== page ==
To start with you have to know what is classed as a game:
A game is a structured activity, usually undertaken for enjoyment and sometimes used as an educational tool. Games are distinct from work, which is usually carried out for remuneration, and from art, which is more concerned with the expression of ideas. However, the distinction is not clear-cut, and many games are also considered to be work (such as professional players of spectator sports/games) or art (such as jigsaw puzzles or games involving an artistic layout such as Mahjong solitaire).
Key components of games are goals, rules, challenge, and interaction. Games generally involve mental or physical stimulation, and often both. Many games help develop practical skills, serve as a form of exercise, or otherwise perform an educational, simulational or psychological role. According to Chris Crawford, the requirement for player interaction puts activities such as jigsaw puzzles and solitaire "games" into the category of puzzles rather than games
Definition taken from http://en.wikipedia.org/wiki/Game
Now there are more games than you can imagine and some date back thousande of years, so rather than sit down and try and invent a masterpiece that I thought could be on the shelves by christmas, I thought I'd look at an idea that could be useful in the environment I was going into at University and also be fun.
I wanted to come up with something that allowed you to produce sculptures, using things that were at hand in the studio and to do so as quickly as possible. I decided upon using paper as the base for all the structures and the throw of a dice would then tell the players what to do with it.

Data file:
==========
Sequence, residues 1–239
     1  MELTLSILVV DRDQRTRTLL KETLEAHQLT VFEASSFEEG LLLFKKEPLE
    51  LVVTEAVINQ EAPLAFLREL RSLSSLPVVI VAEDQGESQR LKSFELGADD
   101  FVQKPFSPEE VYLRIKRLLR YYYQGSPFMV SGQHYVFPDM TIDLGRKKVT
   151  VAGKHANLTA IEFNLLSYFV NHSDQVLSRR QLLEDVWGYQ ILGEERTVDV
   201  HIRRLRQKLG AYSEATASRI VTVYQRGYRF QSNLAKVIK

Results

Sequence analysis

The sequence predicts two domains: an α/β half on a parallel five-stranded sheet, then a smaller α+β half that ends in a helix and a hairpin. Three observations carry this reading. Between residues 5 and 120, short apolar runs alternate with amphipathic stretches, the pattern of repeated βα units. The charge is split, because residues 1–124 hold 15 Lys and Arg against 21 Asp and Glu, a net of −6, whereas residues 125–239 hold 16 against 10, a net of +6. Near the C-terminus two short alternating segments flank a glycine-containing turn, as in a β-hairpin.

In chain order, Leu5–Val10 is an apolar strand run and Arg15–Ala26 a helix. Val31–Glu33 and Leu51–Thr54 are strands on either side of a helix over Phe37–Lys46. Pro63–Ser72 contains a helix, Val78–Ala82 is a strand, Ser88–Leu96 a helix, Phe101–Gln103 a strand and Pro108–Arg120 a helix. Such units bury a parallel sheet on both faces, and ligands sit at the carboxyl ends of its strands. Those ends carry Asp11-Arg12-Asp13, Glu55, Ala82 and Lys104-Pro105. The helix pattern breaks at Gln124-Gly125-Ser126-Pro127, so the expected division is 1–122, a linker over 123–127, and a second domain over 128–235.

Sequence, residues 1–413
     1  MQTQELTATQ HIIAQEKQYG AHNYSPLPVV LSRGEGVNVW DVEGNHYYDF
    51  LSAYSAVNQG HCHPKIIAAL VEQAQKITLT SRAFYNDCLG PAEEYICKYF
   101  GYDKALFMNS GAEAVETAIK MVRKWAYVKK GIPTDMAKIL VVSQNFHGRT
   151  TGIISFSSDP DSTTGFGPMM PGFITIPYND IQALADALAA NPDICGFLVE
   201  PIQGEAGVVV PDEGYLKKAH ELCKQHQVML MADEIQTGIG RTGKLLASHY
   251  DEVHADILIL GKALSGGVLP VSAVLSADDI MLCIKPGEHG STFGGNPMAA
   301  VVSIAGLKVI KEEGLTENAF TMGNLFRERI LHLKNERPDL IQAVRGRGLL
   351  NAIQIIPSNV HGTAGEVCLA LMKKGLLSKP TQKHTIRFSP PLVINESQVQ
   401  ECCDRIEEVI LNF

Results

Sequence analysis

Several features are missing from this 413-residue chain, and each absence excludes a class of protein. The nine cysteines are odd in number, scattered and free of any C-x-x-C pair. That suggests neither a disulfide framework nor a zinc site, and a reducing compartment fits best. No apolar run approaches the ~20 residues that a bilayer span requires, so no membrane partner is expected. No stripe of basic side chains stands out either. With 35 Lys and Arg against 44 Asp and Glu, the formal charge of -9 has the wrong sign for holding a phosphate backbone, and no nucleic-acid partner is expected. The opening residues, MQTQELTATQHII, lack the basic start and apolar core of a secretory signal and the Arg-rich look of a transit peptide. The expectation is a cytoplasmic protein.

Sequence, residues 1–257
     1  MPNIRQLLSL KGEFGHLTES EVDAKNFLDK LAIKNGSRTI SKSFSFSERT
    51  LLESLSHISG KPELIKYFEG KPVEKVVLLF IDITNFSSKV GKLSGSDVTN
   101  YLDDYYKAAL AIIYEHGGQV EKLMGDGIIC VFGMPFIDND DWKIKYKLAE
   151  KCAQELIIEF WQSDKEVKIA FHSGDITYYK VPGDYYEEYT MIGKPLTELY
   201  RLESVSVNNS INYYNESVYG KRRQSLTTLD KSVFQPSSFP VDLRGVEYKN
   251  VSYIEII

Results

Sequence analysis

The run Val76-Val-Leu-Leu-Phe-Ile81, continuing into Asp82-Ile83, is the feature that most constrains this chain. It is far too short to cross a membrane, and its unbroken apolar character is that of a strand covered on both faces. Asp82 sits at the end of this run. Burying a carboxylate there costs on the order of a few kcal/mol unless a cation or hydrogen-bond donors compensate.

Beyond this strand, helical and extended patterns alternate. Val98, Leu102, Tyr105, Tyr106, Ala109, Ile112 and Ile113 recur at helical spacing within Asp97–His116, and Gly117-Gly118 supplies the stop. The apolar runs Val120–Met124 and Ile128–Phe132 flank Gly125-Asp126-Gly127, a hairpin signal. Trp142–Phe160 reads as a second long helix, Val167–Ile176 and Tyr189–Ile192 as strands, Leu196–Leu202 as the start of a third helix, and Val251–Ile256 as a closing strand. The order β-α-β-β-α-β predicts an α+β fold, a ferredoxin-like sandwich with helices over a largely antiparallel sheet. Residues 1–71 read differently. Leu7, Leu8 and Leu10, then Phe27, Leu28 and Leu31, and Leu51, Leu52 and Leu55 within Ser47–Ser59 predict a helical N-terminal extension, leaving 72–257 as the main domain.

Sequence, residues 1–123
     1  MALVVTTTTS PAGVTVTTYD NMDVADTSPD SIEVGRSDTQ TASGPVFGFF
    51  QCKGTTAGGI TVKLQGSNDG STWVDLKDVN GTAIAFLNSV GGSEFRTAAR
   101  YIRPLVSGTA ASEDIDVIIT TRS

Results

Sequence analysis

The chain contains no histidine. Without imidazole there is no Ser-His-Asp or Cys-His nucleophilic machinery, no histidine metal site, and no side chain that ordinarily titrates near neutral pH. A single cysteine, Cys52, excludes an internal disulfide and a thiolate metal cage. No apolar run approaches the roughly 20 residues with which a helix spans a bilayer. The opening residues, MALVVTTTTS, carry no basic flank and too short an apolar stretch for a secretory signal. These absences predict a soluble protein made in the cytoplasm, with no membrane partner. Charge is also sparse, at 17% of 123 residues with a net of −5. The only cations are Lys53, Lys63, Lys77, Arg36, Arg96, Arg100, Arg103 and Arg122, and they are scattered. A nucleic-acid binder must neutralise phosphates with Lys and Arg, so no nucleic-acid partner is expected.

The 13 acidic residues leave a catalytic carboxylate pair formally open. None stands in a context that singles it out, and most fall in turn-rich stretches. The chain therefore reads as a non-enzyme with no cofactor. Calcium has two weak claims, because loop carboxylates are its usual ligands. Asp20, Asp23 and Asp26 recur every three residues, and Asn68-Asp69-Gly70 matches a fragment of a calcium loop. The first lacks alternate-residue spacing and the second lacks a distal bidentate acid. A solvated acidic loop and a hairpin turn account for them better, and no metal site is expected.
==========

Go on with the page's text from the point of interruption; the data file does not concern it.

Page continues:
The image above shows the three game dice used to decide the paper to be used and what action the player needs to carry out.
I have since thought of developing this idea further. Not to make the game itself different but to actually use it to create art work by involving groups of people.
My idea is to present this to a large gathering, maybe a class of school children, Uni' students etc.
( A few different age groups would be interesting to see how varied the results would be). They would be split down into groups of six as with the original game idea and play the game repeatedly, producing multiple 3d objects. All the resulting objects could then be combined and displayed as one large sculpture, (per group).
The entire process could be recorded on video/ photographed and this could be used as a part of an exhibition when/if all the larger sculptures are brought together.